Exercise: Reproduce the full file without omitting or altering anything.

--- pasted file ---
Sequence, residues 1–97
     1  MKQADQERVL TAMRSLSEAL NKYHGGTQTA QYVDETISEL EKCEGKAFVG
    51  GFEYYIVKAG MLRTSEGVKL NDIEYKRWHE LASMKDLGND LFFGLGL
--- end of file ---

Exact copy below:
Sequence, residues 1–97
     1  MKQADQERVL TAMRSLSEAL NKYHGGTQTA QYVDETISEL EKCEGKAFVG
    51  GFEYYIVKAG MLRTSEGVKL NDIEYKRWHE LASMKDLGND LFFGLGL